Before the pandemic hit, I was a pretty active person. I was easily meeting my daily 10k step goal on my Fitbit Alta HR, and even if couldn’t record wall climbing as an exercise, I was at my climbing gym three times a week, training for an outdoor climb scheduled in May.

Like everything, that didn’t push through. Worse, I was left with no opportunity to work out. Meeting my daily 10k step goal was it.

And it’s kept me going, actually. Having that daily 10k goal got me establishing a 30-minute morning exercise early during the lockdown. It gave easy breaks between tasks — a super important thing to do, I learned, as the work from home situation started to bog down on me. And when anxiety or worry begins to surge, I added to my steps by walking it off.

Despite all these I wasn’t in tiptop shape. My migraines worsened and became more frequent. My digestion was whack. And despite biking twice a week, I gained so much weight, enough to move a size bigger. Gasp.

I turned to my 10k steps to solve the problem, but instead my trusty Alta HR conked out on me. Early in the new year, I upgraded to a Versa 3, one of two new smartphones that the company launched amid the pandemic.

One of the first things it did was explain to me that hitting 10k steps every day wasn’t enough.

The smartphone has all the bells and whistles that will positively distract anybody living in our less-than-ideal situation, but it’s the improved fitness tracking features — “motivation on your wrist” it proudly says — that, two weeks in, has me feeling like I was back on the road to fitness.

1. It counts active zones instead of active minutes. Previously, the Alta HR counted the duration of time I was moving, whether it was an intense bike ride around the village or a lazy gander around the living room.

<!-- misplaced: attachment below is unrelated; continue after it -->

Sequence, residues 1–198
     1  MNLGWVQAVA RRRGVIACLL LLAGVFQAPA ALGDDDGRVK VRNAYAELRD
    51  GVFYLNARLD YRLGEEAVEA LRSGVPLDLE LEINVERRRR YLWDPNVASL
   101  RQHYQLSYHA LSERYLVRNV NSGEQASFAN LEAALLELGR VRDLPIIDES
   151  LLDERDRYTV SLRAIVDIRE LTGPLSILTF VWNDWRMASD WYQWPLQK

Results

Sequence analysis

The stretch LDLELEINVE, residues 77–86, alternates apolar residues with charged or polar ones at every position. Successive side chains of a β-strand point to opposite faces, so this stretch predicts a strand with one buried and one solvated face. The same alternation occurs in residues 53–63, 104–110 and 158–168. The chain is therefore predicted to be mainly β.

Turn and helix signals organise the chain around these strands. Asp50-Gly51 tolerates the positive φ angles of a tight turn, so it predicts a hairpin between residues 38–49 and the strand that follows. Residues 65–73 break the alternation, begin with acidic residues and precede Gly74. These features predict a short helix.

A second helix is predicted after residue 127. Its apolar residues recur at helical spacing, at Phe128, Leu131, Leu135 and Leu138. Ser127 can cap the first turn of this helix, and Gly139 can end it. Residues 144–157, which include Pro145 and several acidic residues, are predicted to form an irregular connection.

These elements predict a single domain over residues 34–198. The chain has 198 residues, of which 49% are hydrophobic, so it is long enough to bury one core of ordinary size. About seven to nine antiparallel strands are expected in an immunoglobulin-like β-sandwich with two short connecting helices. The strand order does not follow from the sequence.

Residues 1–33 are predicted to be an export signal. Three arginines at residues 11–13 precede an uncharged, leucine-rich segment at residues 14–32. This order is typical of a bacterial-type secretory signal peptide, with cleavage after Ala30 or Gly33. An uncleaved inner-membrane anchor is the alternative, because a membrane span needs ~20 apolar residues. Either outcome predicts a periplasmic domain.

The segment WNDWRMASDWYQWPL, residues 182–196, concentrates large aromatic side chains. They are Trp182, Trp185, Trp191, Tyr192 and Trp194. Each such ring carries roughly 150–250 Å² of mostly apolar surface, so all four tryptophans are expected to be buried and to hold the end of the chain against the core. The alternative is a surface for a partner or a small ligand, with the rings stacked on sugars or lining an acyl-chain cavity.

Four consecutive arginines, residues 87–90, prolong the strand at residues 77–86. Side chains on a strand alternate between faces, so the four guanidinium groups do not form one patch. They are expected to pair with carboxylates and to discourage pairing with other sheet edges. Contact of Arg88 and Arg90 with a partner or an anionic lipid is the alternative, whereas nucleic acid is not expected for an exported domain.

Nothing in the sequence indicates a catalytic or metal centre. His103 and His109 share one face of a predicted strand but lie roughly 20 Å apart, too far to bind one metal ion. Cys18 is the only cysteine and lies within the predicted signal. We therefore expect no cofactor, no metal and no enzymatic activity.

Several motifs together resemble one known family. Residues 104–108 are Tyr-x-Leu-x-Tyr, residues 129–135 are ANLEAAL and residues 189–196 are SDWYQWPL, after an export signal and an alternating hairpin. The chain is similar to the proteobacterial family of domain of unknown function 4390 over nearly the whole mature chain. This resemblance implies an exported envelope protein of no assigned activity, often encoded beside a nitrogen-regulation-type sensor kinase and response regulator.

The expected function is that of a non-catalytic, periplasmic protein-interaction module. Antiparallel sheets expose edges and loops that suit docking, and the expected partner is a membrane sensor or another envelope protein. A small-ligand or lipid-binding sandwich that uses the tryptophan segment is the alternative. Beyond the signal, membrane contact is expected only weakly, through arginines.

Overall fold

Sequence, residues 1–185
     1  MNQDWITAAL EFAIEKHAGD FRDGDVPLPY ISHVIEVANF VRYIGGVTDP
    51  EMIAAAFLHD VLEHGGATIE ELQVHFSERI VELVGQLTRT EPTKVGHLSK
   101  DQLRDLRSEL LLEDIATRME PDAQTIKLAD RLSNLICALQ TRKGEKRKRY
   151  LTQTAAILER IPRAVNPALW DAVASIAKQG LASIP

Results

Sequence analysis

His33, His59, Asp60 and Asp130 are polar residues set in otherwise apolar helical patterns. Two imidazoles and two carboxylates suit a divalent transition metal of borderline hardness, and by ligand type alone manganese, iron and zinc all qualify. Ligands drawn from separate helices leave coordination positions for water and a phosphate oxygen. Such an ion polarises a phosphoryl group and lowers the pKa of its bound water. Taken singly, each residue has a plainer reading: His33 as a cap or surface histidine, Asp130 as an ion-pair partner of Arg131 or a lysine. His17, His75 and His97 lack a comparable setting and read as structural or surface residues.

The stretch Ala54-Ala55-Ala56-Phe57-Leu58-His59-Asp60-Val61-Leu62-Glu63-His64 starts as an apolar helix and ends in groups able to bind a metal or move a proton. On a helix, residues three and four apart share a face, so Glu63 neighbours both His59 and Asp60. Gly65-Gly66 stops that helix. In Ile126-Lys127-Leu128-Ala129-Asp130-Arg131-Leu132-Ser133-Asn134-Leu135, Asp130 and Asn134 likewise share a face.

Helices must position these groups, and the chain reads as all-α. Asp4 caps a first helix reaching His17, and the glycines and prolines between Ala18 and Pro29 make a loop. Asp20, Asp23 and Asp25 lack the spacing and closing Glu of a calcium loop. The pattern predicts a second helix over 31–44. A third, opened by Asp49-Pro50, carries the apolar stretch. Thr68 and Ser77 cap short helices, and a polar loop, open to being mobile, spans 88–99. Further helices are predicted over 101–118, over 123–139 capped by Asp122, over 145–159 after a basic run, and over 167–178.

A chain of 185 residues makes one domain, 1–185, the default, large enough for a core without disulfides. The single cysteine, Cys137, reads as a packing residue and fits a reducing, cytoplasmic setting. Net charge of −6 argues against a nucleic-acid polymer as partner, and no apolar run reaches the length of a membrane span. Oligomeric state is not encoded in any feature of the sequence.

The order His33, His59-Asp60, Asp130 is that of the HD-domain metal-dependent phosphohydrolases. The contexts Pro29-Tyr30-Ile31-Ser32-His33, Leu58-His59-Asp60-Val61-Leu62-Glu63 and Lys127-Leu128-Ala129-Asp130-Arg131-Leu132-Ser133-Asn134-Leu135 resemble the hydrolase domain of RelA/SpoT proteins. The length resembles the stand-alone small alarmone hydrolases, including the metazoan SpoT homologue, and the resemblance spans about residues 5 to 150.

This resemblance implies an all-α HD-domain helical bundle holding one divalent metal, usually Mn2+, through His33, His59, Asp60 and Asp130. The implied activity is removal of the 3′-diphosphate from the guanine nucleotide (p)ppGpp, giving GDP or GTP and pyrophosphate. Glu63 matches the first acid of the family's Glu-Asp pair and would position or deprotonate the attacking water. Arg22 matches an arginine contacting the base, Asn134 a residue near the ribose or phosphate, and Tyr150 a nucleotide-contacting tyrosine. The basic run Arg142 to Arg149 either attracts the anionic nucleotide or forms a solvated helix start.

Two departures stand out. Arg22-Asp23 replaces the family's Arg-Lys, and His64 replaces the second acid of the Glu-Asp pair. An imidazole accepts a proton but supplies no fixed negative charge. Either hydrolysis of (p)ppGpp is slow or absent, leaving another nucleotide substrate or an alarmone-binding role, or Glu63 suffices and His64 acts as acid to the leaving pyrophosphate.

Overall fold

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This time around, the Versa 3 tracks active zone minutes, or time spent doing a heart-pumping activity.


Fitbit has cited the American Heart Association and the World Health Organisation to both recommend 150 minutes of moderate-intensity activity weekly, which Fitbit has calculated into 22 zone minutes a day.

Using your heart rate data to gauge the intensity of your activity, this metric will turn to yellow when you hit the Fat Burn Zone, into orange when you hit Cardio, and into pink when you hit Peak.

Despite meeting 10k steps, it was rather annoying that my active zone meter remained a boring blue. So I started walking faster, involving our 16-step stairs even, and what do you know. As I began to sweat more often, the meter also began to turn yellow.

And here’s the interesting thing: Where before I only got tired after 30 minutes of aimless walking, this time, I began to feel what they say about working out: I was actually energised thereafter.

2. It has a GPS tracker. The beginning of the year had me challenging myself to increase my bike rides from twice to three times a week. I haven’t been very successful on this front, until learning how to work the Versa 3 GPS tracker.

There are 20 exercises it can track, including biking, yoga, swimming, golf, and hiking. Apart from counting steps, it can also track your pace, distance, that part of your route that punished you the most that you can see on the map.